If the library grounds along Main Street are looking a bit nicer these days, it’s because we’ve embarked on an exciting landscaping project that will feature native flowers, plants, a flowering tree and a whimsical topiary shaped like a bookworm.

The library has been working with a host of partners since last summer with the goal of improving and enhancing the visibility of the library, which serves as an eastern gateway to Emmaus. The 2.6 acres of grounds feature many large deciduous trees and three garden areas, and are a vital piece of the borough’s open space.

Partners include Penn State Master Gardeners, Emmaus Borough and its Public Works team, Girl Scout Troop 63064, the Emmaus Garden Club, metal artist Greg Molder, Bartlett Tree Experts and Fernrock Landscapes. Library Director Lisa Underwood and the library’s board of trustees have been involved as well.

Working with the Emmaus Main Street Partners, the library received a $2,000 matching grant from the Chamber Foundation to help pay for the project. The library is contributing the other half.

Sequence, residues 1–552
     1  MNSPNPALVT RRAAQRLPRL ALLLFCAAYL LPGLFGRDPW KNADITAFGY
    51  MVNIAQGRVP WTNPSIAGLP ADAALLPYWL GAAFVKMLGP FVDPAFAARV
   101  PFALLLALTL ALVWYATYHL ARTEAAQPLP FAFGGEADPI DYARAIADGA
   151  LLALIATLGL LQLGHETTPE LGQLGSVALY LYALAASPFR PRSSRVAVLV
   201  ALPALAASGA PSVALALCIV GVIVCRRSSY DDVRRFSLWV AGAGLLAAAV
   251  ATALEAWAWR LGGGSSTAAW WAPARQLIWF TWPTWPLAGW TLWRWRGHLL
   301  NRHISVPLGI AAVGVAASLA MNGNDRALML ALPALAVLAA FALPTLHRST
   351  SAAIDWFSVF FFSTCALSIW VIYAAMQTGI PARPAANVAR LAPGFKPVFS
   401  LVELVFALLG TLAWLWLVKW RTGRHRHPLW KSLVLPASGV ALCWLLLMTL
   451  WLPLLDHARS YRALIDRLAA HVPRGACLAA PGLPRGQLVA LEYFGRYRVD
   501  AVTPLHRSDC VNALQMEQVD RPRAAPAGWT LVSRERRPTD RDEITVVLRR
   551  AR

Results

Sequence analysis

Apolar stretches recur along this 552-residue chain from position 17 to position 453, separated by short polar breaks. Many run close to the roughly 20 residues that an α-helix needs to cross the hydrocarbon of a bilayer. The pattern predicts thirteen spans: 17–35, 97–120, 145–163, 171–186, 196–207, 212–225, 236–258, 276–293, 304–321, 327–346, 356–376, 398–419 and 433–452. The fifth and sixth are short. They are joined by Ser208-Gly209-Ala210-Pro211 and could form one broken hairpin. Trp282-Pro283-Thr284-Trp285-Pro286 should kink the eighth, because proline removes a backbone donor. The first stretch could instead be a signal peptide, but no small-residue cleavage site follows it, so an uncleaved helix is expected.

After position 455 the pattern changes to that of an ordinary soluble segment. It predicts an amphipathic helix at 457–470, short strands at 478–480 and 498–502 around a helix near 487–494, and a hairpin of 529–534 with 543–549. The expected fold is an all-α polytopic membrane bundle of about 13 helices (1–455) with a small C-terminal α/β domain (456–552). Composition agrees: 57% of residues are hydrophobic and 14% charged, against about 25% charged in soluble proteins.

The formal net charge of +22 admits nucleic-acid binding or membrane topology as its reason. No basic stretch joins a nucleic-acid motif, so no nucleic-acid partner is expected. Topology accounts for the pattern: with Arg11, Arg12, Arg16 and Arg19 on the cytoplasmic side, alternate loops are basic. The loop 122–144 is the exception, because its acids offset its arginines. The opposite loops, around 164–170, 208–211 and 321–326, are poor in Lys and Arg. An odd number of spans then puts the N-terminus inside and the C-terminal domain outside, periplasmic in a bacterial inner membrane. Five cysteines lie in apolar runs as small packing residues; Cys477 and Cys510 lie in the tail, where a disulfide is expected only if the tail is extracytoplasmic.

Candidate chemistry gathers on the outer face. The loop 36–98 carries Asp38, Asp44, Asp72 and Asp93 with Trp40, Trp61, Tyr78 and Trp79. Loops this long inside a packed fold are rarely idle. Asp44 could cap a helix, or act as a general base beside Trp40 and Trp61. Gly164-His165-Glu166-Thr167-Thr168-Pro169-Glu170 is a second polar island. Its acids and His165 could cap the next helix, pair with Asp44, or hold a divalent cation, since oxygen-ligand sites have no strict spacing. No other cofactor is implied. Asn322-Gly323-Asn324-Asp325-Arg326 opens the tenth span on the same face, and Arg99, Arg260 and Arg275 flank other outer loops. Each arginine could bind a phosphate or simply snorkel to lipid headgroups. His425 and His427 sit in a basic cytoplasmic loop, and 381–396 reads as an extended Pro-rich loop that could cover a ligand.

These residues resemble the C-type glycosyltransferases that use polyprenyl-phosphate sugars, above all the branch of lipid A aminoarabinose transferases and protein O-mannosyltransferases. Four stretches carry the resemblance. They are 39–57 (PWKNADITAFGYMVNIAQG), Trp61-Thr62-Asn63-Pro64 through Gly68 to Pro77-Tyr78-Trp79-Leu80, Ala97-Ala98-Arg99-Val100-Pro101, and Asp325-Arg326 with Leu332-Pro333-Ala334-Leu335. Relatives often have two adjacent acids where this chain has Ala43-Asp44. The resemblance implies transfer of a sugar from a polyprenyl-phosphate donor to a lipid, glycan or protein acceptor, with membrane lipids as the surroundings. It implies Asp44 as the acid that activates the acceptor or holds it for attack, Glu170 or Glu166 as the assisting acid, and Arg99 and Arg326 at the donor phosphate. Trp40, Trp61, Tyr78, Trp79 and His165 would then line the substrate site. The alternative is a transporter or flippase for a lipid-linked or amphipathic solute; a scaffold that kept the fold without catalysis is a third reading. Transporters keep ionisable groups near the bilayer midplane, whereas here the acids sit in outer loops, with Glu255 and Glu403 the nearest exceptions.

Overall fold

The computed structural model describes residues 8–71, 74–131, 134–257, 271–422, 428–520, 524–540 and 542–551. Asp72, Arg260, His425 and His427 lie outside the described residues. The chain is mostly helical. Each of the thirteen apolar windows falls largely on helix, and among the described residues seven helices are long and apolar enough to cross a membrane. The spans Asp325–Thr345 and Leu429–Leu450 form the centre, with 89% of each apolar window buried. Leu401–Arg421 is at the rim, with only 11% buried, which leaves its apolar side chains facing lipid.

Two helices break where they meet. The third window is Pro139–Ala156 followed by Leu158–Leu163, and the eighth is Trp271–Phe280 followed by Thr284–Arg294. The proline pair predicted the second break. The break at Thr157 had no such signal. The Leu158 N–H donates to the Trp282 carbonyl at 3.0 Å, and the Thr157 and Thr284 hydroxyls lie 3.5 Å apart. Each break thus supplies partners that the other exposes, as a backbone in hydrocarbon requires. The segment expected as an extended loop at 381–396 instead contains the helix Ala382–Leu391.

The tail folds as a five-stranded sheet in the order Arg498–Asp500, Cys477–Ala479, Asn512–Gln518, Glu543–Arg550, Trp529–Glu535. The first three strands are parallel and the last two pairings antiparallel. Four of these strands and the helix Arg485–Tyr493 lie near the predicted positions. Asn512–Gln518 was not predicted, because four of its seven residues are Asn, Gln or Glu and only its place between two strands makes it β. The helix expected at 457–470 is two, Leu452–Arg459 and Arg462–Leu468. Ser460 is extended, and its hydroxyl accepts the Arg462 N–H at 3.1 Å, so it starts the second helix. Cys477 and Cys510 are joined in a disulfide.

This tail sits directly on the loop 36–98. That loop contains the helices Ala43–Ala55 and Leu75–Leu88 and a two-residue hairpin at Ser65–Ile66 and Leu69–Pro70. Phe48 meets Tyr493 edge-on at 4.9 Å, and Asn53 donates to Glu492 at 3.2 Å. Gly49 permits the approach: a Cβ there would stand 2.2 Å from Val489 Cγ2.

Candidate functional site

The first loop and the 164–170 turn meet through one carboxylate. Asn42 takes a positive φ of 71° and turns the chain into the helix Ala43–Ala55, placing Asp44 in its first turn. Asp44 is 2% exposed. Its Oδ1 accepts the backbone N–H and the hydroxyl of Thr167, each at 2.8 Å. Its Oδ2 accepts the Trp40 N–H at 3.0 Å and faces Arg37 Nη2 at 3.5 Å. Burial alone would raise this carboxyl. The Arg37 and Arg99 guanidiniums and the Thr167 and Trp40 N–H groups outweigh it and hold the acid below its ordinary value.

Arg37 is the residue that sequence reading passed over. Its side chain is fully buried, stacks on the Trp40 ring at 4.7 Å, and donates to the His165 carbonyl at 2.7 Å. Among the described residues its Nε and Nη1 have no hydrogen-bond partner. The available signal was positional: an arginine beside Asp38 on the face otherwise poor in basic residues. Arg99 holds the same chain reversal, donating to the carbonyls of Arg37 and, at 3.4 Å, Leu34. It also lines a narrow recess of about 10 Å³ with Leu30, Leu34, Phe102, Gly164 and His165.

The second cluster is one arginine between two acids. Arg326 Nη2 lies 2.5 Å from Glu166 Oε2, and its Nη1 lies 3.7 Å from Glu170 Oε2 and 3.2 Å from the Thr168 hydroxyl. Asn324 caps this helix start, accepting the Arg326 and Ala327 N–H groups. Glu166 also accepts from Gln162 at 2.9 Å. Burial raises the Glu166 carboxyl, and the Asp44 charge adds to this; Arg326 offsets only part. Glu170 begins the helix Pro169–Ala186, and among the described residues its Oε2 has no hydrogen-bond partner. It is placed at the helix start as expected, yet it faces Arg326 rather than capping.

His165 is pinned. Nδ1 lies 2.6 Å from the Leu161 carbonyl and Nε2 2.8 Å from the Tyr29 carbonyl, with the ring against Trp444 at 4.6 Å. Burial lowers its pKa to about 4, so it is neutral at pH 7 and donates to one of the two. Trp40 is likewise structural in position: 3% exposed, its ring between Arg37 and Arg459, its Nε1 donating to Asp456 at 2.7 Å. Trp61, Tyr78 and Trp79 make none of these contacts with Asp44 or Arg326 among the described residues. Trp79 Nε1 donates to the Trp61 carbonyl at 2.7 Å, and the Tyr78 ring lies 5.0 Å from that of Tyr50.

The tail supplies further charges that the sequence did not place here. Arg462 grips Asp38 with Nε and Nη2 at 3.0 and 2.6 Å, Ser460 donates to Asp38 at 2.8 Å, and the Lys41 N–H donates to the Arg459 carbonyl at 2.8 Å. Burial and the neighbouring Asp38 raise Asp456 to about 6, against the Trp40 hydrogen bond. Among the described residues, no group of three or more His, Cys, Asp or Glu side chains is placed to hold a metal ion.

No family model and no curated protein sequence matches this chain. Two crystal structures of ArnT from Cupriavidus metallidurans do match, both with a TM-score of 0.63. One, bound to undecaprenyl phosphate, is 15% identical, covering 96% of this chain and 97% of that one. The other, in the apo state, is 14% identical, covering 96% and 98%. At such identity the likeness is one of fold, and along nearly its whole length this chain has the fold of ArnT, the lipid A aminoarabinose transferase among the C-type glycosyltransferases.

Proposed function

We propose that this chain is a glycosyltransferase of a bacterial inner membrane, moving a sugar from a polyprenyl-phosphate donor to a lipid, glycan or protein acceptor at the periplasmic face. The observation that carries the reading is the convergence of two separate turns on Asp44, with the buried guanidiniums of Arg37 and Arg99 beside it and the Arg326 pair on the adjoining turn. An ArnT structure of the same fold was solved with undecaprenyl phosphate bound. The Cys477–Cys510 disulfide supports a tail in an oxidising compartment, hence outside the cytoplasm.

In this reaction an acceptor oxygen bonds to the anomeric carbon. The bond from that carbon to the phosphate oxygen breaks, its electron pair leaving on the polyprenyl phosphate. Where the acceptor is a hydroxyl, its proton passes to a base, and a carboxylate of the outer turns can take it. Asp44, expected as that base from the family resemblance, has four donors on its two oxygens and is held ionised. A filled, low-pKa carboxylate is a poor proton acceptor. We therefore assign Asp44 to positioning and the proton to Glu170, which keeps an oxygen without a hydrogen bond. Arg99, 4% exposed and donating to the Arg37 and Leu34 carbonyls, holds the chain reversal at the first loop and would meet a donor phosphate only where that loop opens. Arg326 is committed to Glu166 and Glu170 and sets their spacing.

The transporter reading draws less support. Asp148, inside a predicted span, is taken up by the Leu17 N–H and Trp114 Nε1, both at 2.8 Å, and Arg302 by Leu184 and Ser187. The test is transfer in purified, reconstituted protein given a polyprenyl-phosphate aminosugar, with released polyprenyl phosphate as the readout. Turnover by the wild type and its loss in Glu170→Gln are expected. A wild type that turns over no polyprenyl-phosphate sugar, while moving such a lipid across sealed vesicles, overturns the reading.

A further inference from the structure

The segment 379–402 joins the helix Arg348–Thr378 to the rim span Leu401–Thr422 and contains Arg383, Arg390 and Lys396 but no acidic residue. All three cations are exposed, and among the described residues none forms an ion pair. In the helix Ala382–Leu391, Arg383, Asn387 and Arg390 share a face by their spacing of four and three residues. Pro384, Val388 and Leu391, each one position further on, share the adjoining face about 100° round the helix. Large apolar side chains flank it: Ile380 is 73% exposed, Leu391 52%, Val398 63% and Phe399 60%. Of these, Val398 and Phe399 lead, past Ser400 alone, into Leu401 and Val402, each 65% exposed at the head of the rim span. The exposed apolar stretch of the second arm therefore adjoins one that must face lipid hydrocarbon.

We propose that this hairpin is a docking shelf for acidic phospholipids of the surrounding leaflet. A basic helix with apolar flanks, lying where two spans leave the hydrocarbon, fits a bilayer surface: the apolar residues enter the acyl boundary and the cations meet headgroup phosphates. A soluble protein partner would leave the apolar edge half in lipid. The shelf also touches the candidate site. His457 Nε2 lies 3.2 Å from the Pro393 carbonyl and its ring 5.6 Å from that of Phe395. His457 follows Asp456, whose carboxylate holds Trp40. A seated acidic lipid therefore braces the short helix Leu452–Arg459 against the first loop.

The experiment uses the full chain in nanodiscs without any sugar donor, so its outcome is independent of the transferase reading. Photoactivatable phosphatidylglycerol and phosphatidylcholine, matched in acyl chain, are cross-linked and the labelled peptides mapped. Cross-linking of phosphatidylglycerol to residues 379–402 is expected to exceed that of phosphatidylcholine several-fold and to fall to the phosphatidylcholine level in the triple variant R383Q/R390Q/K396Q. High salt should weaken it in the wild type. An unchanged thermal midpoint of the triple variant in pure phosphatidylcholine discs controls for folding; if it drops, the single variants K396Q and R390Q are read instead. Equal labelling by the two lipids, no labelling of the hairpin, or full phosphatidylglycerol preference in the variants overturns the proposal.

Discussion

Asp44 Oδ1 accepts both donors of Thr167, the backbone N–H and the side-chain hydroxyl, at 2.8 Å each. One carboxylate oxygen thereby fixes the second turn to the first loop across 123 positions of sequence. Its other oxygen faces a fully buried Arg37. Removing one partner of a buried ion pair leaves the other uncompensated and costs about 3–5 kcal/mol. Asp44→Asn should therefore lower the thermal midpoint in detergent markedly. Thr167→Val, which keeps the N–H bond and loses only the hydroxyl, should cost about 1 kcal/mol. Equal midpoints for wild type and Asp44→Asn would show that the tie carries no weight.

Penn State Master Gardeners Becky Short, Audrey Erb, Lisa Walton, Leesa Wimmer, Paul Nahodyl and Gary Rohrbach worked on the design of the 500-square-foot space, including shaping an existing yew into a bookworm. Their early work also included a design for three trellises in front of the children’s wing and plants in front of the mosaic.

To get the project ready, Emmaus Public Works employees removed an aging pergola and pulled out old growth shrubs. They also added new fascia around the large picture window and repaired an outdoor faucet.

Members of Girl Scout Troop 63064, led by troop leader Lorna Flowers, prepared bedding with compost and helped Anthony Paolucci of Bartlett Tree Experts plant a flowering dogwood tree the company donated. The troop previously planted daffodils in front of the mosaic on the eastern side of the building. Landscaper Mike Kline of Fernrock Landscapes dug the large hole required for the tree.

Local metal artist Greg Molder created the facial features for the bookworm, which was shaped by Paul Nahodyl and Gary Rohrbach.

The Emmaus Garden Club will maintain the garden.

The project involves an educational component as well, with the library adding to its collection of native plant books and holding events during our popular summer reading program — such as the Gardening Adventure Workshop on June 13, hosted by Emmaus Community Garden.

Thanks to the hard work and support of so many great partners, the library grounds along Main Street are looking better than ever. With beautiful native plants, a new dogwood tree, bookworm topiary and more, this project is really sprucing up our space. Stop by and see the transformation!